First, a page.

The Other Boleyn Girl
Theatrical release poster
Directed byJustin Chadwick
Screenplay byPeter Morgan
Based onThe Other Boleyn Girl
by Philippa Gregory
Produced byAlison Owen
CinematographyKieran McGugan
Edited by
Music byPaul Cantelon
Distributed by
Release dates
  • 15 February 2008 (2008-02-15) (Berlinale)
  • 29 February 2008 (2008-02-29) (United States)
  • 7 March 2008 (2008-03-07) (United Kingdom)
Running time
115 minutes
  • United Kingdom
  • United States
Budget$35 million
Box office$80.7 million

The Other Boleyn Girl is a 2008 historical romantic drama film directed by Justin Chadwick. The screenplay by Peter Morgan was adapted from Philippa Gregory’s 2001 novel of the same name. It is a fictionalised account of the lives of 16th-century English aristocrats Mary Boleyn, mistress of King Henry VIII, and her sister, Anne, who became the monarch's ill-fated second wife.


Henry VIII of England's marriage to his brother's widow, Catherine of Aragon, has not produced a male heir. Their only surviving child together is a daughter, Princess Mary, whom Henry fears cannot successfully rule as a woman. Meanwhile, Lady Mary Boleyn marries William Carey. Mary's uncle, Thomas Howard, Duke of Norfolk and her father, Sir Thomas Boleyn, plot to install Mary's older sister, Anne, as Henry's new mistress, hoping that she will be able to bear Henry a son and improve the family's status. Anne accepts.

Henry is injured during a hunting accident and becomes smitten with Mary, who tends to his wounds. He then invites her, her husband, and the Boleyn family to court. Mary and Anne become ladies-in-waiting to Queen Catherine while William Carey is sent abroad. Mary begins an affair with the King and falls in love with him. Anne secretly marries Henry Percy, a nobleman betrothed to Lady Mary Talbot. Anne reveals her marriage to her brother, George, who in turn informs Mary. Wanting to protect Anne's reputation, Mary alerts their father and uncle, who forcibly have the union annulled, keeping its existence secret. Thomas has Anne sent away to the French court.

Mary soon becomes pregnant with Henry's child. In return, he rewards the Boleyns by giving them new titles and estates, with George being betrothed to Lady Jane Parker, whom he detests. Mary begins to experience pregnancy complications and is confined to bed until the child is born. Norfolk recalls Anne to distract Henry from seeking another mistress. Resentful and jealous that Henry initially preferred her sister, a revenge-driven Anne beguiles Henry by refusing his advances. Mary gives birth to a son, but Anne points out that the boy is illegitimate and, therefore, cannot inherit the throne. Because of this, Henry rejects Mary and does not recognize the child as his son.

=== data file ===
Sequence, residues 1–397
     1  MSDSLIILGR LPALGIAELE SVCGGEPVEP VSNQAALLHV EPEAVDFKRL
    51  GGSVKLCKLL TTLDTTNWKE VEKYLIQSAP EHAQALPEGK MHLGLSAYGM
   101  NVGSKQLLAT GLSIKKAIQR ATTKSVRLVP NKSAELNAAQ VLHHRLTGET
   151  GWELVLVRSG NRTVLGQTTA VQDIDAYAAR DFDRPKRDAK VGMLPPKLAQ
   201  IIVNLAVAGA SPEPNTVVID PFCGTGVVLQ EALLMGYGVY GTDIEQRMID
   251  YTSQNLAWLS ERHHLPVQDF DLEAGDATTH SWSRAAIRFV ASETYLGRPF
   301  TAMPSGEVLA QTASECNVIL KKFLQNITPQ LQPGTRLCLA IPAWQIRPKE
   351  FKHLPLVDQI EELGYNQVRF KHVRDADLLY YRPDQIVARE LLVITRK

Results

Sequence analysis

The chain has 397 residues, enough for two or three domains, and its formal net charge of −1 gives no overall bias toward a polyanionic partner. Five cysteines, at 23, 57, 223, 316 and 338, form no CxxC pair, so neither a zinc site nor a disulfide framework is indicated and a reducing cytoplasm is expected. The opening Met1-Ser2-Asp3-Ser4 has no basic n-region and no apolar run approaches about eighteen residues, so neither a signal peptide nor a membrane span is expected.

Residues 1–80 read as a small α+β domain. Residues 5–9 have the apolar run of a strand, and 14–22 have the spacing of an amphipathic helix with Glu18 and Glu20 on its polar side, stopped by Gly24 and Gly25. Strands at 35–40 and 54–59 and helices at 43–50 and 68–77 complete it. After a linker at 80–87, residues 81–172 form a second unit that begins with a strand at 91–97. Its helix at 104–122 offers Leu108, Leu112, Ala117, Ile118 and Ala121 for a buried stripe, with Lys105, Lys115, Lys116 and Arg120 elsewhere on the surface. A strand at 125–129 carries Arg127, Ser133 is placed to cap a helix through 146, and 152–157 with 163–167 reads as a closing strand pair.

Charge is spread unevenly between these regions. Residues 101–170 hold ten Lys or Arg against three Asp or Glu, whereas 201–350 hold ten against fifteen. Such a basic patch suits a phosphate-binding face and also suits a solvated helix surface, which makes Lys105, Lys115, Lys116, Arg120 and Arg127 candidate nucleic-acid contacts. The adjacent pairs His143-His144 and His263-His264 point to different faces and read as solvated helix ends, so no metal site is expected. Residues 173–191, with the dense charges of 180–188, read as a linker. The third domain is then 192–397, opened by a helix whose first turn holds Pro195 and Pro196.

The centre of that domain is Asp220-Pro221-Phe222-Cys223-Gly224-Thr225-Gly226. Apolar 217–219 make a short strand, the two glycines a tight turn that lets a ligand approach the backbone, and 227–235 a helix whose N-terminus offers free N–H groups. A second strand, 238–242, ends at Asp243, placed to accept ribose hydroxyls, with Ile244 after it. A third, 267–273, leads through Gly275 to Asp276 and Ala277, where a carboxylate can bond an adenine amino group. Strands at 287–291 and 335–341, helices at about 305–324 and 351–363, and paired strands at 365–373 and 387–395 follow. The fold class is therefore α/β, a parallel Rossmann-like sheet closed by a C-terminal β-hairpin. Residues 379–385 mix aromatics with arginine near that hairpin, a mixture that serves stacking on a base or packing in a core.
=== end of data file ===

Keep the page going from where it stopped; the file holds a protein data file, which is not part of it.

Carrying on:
Anne continues refusing Henry's advances, and she promises to accept if he no longer beds Catherine and stops speaking to Mary. This infuriates Norfolk until Anne reveals her ambitions to become queen and give Henry a legitimate son and heir. Shortly afterwards, Mary and her child are exiled to the countryside and William Carey dies.

Anne pressures Henry to break from the Catholic Church when Pope Clement VII refuses to allow him to divorce from Catherine. Henry learns rumors of Anne's marriage to Percy; Mary is brought back to the English court but assures Henry that the rumors are false. She decides to stay at Anne's urging.

Henry declares himself Supreme Head of the Church of England. He grants himself a divorce and banishes Catherine from court. When Anne refuses to consummate their relationship until they are legally married, he, overcome with rage and lust, rapes her. Despite being deeply traumatized by the assault, Anne, now pregnant, marries Henry and is crowned the new queen consort of England.

Another daughter, Elizabeth, is born. Henry, disappointed he still has no male heir, begins to see Jane Seymour, Anne's lady-in-waiting, in secret. Anne is deeply hated by the English people, who publicly denounce her as a witch, and she begins to develop paranoia as her marriage falls apart.

After miscarrying a son, Anne fears for her life and begs George to impregnate her. He agrees but is unable to go through with it. Unbeknownst to them, his wife, Jane, is spying on them and reports her suspicions to Norfolk and the King. Anne and George are then both arrested on charges of incest, adultery and treason. Despite lacking evidence, they are found guilty and sentenced to death. Mary rushes back to London, but she’s too late to save George, who is beheaded. Mary begs Henry to spare Anne's life, and he promises to do so since he claims he does not wish to hurt Mary any further. The sisters reconcile, and Anne asks Mary to look after her daughter.

A message from Henry is delivered to Mary. He urges her not to return to court and reveals that Anne will be executed. After Anne is beheaded, Mary takes Elizabeth with her to the countryside.